What a year! It's been 12 months now since the terrorist attacks on our country. What's happened? Where are we?
On a personal note, the events of 9/11 strongly affected my creative and professional life - I ended up composing a 48-minute piece of music as an elegy for the people who died that day. And filling one wall of my living room is a surprisingly moving computer-generated Iris print of a spectrogram of that music (you can see a bit of it on Metric Halo's Web site at http://mhlabs.com/features/gift.html). At the same time, the economic uncertainty arising from those events almost certainly played a role in causing a major project I was working on to be tabled indefinitely, leading to both fiscal and professional grief. Today, I still keep the New Yorker magazine with Art Spiegelman's black towers on black cover on the client coffee table in the studio. That's where I am. The whole thing still bothers me.
So, like many, probably most of you, those events have touched me deeply, and also made sort of a dent in my professional life. But they have also receded a little, because I didn't lose any close friends or colleagues, nor did I face the immediate dislocation of my life that many less fortunate people did. Life does go on.
During the week following the 11th, I wrote an article about it that ran in the November issue of TV Technology. I made the case that, while the horror of those events may have made us all question the significance and relevance of our own work, such work was nonetheless honorable and humanistic in its essential nature, unlike the terrorist behaviors of that day, and that we should take substantial satisfaction from that. On a more technical note, I observed that we were all served by the handheld amateur video footage of the day, footage that was made authentic by the very nature of its fragmentary amateurishness.
The truth of these observations seems to hold up over time.
So what's changed, a year later?
Well, we are certainly a whole lot less naïve. We now know beyond any wishful thinking that bad things can happen, will almost certainly happen, and that some innocent blameless souls among us, even our very selves perhaps, can get instantly and irrevocably snatched away by the cosmic flyswatter that comes ripping through our worlds and lives. We also know for sure that there are people among us who delight in triggering said cosmic flyswatter, just to see the bodies fly. We know it's a messier, riskier and less predictable life than it seemed back in 2000, when we were stoned out of our minds in our happy little millennial bubble.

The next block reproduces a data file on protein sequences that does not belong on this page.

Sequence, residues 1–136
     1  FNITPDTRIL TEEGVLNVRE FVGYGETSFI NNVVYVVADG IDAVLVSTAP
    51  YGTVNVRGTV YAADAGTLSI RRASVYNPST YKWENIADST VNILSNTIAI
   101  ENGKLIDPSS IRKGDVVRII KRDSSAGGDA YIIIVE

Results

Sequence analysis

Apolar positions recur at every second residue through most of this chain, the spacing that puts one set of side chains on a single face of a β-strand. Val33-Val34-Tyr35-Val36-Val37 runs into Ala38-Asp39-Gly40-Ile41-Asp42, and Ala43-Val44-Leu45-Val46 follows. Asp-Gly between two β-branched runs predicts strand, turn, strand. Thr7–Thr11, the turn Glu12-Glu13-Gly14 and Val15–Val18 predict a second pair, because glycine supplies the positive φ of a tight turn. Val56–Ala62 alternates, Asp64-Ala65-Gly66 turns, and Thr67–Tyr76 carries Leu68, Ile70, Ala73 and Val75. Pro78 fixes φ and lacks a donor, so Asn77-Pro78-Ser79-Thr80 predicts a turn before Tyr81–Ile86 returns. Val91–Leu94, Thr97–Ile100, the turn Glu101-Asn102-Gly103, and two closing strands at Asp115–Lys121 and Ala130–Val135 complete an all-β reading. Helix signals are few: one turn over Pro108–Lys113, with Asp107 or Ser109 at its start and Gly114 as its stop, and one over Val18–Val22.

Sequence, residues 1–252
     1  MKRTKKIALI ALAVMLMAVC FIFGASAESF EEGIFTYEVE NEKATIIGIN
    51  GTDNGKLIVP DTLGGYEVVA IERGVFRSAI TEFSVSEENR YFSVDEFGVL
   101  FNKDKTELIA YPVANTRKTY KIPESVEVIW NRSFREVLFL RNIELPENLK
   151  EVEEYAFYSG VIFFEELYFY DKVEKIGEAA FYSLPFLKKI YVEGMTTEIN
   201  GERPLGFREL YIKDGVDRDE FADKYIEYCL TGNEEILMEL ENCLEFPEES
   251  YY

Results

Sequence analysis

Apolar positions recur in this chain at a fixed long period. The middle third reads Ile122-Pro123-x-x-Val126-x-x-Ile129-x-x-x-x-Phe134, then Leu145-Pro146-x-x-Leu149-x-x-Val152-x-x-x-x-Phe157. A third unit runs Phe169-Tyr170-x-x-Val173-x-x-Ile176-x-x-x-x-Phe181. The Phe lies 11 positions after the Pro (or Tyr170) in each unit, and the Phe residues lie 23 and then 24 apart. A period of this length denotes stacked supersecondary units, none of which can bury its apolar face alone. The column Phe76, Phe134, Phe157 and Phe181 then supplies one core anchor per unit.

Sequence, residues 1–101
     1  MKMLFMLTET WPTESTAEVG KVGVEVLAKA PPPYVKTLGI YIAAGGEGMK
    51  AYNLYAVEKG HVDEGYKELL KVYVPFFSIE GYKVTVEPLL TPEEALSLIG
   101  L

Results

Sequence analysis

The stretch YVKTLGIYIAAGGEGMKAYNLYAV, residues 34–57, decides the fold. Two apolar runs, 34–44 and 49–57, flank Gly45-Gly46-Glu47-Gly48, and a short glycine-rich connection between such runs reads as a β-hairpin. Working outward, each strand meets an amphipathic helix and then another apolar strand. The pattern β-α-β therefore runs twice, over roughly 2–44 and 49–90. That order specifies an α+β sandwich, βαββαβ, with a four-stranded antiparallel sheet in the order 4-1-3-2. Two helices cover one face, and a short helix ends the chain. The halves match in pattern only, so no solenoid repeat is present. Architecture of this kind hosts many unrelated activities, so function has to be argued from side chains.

Our new self-knowledge is probably a good thing, because that view from the bubble was never really a very accurate one.
Meanwhile, our political leadership actually seems to have done pretty well, better than I personally would have expected. Some restraint, some candor, some effort to actually come to grips with the problems that terrorism brings - these have all been welcome. More comforting to me has been the very positive and common-sense way in which both the public and the governmental infrastructures have come together to cooperate on the problem of public security. There's less nonsense, less authoritarianism, as well as a better working relationship between us and the "authorities." More mature and sensible perspectives have emerged - in the face of nuclear terrorism, road rage just doesn't seem like much of a threat anymore - somebody's having a bad-hair day and we can all deal with it. That, in and of itself, is a big improvement.